2. Registration can be costly and should not be done unnecessarily.
    3. Removing a node would not remove the node from the World.


    What we basically need, is only a way for “World” to know if anything is added or removed, since after an object was added to the world, changing some aspect of the object does not matter because the addition created a direct, native connection (C++ or Lua) between the object (“Ball” for example) and the world.

    The simplest solution I can think of would be for the ancestors to be notified when a child or grandchild is added or removed. We could imagine that the child has an “expose” function that would get called by ancestors.

    The way it could work is as follows:

    1. The user onnects "Ball1" to "Joint" 
    2. If "Ball1" does not have an "expose" table, stop here.
    3. If "Joint" has a "connect" function, it is called with the "expose" table
       which should have a mandatory 'type' field. It is then up to the different needs
       of connected objects to decide what they want to do with this function call.
    4. If the "connect" function does not return true, bubble up to the parent.
    5. When a link is removed, the same happens with a "disconnect" function

    For the “physics” engine above, the “childConnected” function call could look like this for the Joint object:

    function connect(child)
      if child.type == 'physics.Object' then
        -- world was set the same way by the "World" object
        -- connect the object to joint
        return true -- no need to bubble up

    The “disconnect” function would look like:

    function disconnect(child)
      if child.type == 'physics.Object' then
        -- world was set the same way by the "World" object
        -- disconnect the object to joint
        return true -- no need to bubble up

    The same system could be used for all kinds of “connected” elements, like OpenGL Shaders on a rendering pipeline, etc.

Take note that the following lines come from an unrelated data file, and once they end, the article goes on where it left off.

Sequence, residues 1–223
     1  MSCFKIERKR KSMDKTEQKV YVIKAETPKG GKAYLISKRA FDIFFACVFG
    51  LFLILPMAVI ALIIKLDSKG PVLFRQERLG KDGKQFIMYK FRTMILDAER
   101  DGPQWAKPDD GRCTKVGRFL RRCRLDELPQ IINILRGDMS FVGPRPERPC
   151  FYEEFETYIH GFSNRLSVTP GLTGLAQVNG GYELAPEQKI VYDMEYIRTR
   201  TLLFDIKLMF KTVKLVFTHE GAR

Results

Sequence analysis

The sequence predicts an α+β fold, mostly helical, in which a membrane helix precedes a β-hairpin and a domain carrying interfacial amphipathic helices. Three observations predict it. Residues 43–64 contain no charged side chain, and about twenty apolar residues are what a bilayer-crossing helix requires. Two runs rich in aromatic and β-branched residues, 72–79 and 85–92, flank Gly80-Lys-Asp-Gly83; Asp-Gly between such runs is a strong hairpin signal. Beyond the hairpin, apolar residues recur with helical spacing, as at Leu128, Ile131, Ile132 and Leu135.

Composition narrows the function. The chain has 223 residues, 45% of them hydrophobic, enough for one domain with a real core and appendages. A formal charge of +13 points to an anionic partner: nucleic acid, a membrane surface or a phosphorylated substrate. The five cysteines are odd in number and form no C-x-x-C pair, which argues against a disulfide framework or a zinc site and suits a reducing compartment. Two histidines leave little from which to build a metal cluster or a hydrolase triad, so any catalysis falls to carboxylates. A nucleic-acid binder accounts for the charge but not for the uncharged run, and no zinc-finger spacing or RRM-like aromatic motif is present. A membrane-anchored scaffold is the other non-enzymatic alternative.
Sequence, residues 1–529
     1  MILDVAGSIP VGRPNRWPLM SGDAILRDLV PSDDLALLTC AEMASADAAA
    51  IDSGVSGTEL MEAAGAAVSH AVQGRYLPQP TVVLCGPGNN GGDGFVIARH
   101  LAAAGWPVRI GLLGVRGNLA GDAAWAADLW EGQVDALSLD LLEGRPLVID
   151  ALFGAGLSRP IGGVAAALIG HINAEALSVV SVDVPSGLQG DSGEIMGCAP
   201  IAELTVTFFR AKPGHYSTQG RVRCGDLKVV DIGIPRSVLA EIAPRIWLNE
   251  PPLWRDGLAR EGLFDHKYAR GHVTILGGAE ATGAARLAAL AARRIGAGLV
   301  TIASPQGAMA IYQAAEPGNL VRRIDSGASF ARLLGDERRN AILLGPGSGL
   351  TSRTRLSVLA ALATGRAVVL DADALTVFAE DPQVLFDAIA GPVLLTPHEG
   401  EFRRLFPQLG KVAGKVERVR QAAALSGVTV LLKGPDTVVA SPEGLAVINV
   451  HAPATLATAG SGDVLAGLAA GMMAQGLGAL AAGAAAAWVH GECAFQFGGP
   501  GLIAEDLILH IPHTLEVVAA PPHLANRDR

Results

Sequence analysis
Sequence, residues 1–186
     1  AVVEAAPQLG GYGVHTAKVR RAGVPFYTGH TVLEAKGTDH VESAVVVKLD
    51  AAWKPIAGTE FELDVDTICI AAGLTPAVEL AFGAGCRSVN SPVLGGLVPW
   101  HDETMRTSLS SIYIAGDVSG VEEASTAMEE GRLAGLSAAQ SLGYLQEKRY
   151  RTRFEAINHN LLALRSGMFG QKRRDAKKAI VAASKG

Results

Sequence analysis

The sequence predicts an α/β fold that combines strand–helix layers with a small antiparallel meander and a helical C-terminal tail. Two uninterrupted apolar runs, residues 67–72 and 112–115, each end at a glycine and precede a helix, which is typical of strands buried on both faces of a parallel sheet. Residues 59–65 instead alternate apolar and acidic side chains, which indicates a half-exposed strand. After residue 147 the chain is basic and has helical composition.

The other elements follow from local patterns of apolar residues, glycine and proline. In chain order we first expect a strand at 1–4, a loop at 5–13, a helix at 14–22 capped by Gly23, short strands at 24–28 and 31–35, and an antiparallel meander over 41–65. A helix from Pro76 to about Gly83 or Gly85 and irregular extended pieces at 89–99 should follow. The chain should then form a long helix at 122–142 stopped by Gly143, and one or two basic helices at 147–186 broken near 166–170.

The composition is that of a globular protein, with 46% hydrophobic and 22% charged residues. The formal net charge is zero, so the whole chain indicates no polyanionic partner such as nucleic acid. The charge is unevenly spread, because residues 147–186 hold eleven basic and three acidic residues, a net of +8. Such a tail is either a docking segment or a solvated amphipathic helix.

Gaspard Bucher
    2012-10-02 - tagged: physics - comments (0)
  • Raspberry Pi live coding Lua

    A couple of days ago, the Raspberry Pi was announced. Needless to say that this hardware is the perfect complement to the software provided by lubyk.

    Raspberry Pi project

    The goal is to create a debian based OS (eventually installed on sd-cards) to ease the adoption on lubyk (and Lua) as a scripting platform for RPi.

    Why lubyk ?

    Lubyk is a very good environment to program that removes most of the burden related to some difficult programming tasks, mainly:

    1. Build and installation (not needed with a scripting language).
    2. Boilerplate code to connect to hardware and such tasks (not needed by using the provided prototypes).
    3. Networking and configuration (not needed because lubyk transparently uses Zeroconf and ZeroMQ for networking).
    4. Control and parametrization (lubyk provides easy to use controls)


    Why Raspberry Pi ?

    Apart from its very low price, this hardware has some very good arguments to serve for educational, low-fi gaming and artistic needs:

    1. Very decent CPU (700Mhz ARM processor)
    2. Good GPU (supporting OpenGL ES 2.0, full hd and mpeg4 decoding)
    3. Small size (less then 9×6 cm)
    4. Networking (10/100 RJ45 ethernet)
    5. USB (two ports).
    6. Good IO (8 × GPIO, UART, I²C bus, SPI bus).

    What now ?

    Here is a list of the required steps to produce a first OS image:

    1. Port the linux-core to linux. [done 2012-03-07]
    2. Fix build to use native lua/luajit (remove the need for RTLD_GLOBAL). [done 2012-03-08]
    3. Fix build for to make it debian friendly (use debian libs, install location, etc).
    4. Build a debian installer.
    5. Compile for ARM.
    6. Create an empty debian OS with ARM target.
    7. Install and setup launch scripts for lubyk on the OS.
    8. Test, fix and repeat.

    If anyone wants to join into this effort (or has special needs for what should be installed by default on the OS), please drop a line on the mailing-list.

    Gaspard Bucher
    2012-03-08 - comments (0)
  • first run on linux

    All required modules to run lubyk on linux now compile and I managed to open the editor:


    First run of the editor on linux

    As you can see, there are many bugs:

    • missing host names
    • morph server not shown
    • a very rubato timer that reminds me of the first experiments with rubyk
    • missing menus
    • etc

    But at least, the porting of mdns and other OS specific parts are well advanced and having something to see and play with will surely drive motivation !

    Gaspard Bucher
    2012-03-06 - comments (0)
  • Connecting controls

    This is just a short post to show what Lubyk currently looks like.

    The big picture